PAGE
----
Applegath and Cowper’s association with the Bank of four years, ended abruptly on 13th September 1821 when the Bank’s new engraver, Bawtree, satisfied the Special Committee with his copy of the partners’ latest note which had used five colours. The Bank had invested money and resources in the project. Secure accommodation for the printing process had been provided within the Threadneedle Street Bank building itself. They had even provided a steam engine to drive the partners’ machinery; also the Bank’s paper makers, Portal and Bridges had gone to the expense of installing special machinery to make paper to Applegath’s specification. Uniquely, they had been allowed to use a style of Bank of England watermarked paper, though, these proofs were printed inverted. They were paid compensation and left the Bank’s premises.

Conclusion:

A banknote produced by the human hand cannot be inimitable as it can be reproduced by another human hand.

        

        Applegath & Cowper. Seated Britannia

      

        Applegath & Cowper. Machine turning (Engine turning)

      

        Applegath & Cowper. Honeycomb two colour (black & white do not count in printing as colours)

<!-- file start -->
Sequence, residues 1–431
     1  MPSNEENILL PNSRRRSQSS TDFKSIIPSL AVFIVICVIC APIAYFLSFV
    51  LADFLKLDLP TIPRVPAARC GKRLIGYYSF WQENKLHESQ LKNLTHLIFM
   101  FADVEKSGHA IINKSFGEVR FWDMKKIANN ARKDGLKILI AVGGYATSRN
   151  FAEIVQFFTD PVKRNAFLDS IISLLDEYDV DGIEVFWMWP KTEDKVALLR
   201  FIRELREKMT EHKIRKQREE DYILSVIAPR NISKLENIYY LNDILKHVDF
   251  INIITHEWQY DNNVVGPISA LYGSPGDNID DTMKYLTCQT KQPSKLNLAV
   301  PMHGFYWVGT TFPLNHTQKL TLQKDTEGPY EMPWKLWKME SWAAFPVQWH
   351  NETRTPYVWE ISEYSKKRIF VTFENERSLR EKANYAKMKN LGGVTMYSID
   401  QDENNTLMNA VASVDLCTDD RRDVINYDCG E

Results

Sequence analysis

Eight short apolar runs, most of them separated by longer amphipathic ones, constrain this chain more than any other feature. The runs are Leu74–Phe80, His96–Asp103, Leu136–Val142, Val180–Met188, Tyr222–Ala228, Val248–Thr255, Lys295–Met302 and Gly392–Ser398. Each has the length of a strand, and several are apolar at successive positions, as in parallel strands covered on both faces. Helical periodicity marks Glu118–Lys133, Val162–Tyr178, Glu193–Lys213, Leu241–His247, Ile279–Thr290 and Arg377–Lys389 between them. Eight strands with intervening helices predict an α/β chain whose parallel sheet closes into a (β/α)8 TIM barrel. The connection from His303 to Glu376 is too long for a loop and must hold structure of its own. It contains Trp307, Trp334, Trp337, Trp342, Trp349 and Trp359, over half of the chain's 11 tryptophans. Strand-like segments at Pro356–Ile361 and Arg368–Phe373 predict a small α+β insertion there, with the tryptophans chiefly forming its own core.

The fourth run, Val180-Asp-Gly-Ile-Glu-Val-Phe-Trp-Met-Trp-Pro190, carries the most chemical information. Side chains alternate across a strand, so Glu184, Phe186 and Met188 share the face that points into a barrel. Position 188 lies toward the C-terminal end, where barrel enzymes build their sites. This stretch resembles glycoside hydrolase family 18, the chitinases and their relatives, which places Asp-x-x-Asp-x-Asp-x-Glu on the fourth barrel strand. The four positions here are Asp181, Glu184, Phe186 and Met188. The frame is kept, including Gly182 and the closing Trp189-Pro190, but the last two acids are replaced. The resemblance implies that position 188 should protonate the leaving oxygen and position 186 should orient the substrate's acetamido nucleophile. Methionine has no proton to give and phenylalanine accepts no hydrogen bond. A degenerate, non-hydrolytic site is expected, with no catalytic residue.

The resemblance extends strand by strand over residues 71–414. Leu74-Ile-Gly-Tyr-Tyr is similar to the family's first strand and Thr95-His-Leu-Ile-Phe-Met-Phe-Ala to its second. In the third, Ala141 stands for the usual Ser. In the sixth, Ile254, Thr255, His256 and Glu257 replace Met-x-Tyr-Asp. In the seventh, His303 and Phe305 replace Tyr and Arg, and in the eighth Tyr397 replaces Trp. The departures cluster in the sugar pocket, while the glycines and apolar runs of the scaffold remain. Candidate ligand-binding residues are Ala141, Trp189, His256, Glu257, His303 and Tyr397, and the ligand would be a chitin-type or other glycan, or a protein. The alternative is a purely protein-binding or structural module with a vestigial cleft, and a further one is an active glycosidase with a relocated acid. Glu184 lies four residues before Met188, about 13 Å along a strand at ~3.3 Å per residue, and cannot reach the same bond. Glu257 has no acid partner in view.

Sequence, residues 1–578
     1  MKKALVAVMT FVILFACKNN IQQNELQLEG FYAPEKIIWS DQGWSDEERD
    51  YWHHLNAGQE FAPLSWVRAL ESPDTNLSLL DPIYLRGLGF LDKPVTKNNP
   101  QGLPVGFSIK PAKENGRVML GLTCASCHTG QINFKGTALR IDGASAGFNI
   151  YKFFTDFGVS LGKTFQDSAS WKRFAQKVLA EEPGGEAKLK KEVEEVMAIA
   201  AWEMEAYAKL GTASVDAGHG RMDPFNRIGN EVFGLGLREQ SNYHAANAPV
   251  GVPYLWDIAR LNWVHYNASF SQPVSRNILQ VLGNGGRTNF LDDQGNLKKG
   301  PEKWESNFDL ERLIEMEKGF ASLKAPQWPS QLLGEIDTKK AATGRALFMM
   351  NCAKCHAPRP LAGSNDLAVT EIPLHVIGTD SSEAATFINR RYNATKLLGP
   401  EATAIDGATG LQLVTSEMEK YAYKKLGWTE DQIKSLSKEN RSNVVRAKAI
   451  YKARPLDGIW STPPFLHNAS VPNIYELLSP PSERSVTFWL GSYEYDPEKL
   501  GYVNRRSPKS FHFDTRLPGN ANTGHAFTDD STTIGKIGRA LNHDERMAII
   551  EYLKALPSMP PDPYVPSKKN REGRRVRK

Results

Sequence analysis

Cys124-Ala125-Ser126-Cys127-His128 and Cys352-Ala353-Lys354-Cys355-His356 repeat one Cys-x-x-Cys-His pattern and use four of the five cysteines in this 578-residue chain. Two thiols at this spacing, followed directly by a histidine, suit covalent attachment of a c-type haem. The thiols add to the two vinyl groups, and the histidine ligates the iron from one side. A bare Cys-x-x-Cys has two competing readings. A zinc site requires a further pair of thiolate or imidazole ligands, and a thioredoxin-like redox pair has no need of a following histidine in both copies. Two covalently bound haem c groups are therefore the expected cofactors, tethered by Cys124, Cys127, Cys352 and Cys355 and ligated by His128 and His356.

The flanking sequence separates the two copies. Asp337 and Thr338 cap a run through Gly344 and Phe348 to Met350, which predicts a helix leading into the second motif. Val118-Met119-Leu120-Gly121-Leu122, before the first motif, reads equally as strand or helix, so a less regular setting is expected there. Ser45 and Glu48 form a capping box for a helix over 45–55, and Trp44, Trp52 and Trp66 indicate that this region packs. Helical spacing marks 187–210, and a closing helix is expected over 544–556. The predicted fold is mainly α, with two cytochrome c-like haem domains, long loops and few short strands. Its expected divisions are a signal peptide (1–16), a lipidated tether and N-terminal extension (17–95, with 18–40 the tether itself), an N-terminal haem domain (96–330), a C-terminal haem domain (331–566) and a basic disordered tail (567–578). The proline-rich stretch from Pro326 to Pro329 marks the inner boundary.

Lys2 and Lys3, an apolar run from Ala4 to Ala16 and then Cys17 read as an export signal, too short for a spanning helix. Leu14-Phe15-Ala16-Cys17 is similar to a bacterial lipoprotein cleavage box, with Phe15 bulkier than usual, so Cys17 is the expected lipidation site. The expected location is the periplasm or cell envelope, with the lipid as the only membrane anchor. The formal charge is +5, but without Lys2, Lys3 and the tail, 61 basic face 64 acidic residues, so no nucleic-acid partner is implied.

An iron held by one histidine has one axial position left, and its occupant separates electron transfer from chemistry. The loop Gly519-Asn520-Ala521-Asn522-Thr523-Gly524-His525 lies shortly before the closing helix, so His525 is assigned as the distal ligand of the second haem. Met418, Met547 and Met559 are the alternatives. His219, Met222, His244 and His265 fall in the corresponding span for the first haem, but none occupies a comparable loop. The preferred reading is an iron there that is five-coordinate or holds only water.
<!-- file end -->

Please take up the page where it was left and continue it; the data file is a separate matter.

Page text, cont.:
Applegath & Cowper. Diamond pattern one colour in registration

      

        Applegath & Cowper. Honeycomb pattern four colour in registration

      

        Applegath & Cowper. Patchwork design

      

        Applegath & Cowper. Bi-sected circle pattern.  Both Hase & Rippon printed names

      

        Applegath & Cowper. Spiral pattern £5 in registration

      

        Applegath & Cowper. Only known copy of a £10 Trial

 

 The Bank received many design suggestions.

Alexander Tilloch submitted a second design in 1818.

T.C. Hansard submitted a typographic design – this was reproduced in the Society of Art’s Mode of Prevention of Forgery as was R.H. Solly’s Minerva Head encircled by a wreath of oak, engraved by Charles Warren.

George Cruikshank produced a ‘Bank Restriction Note’ due to Public outcry, featuring the ‘Old Lady’ eating babies – her public and ships exporting the unfortunate ‘utterer’ The rope acts as a the signature of Jack Ketch, the hangman of the day. The note was sold for 6d.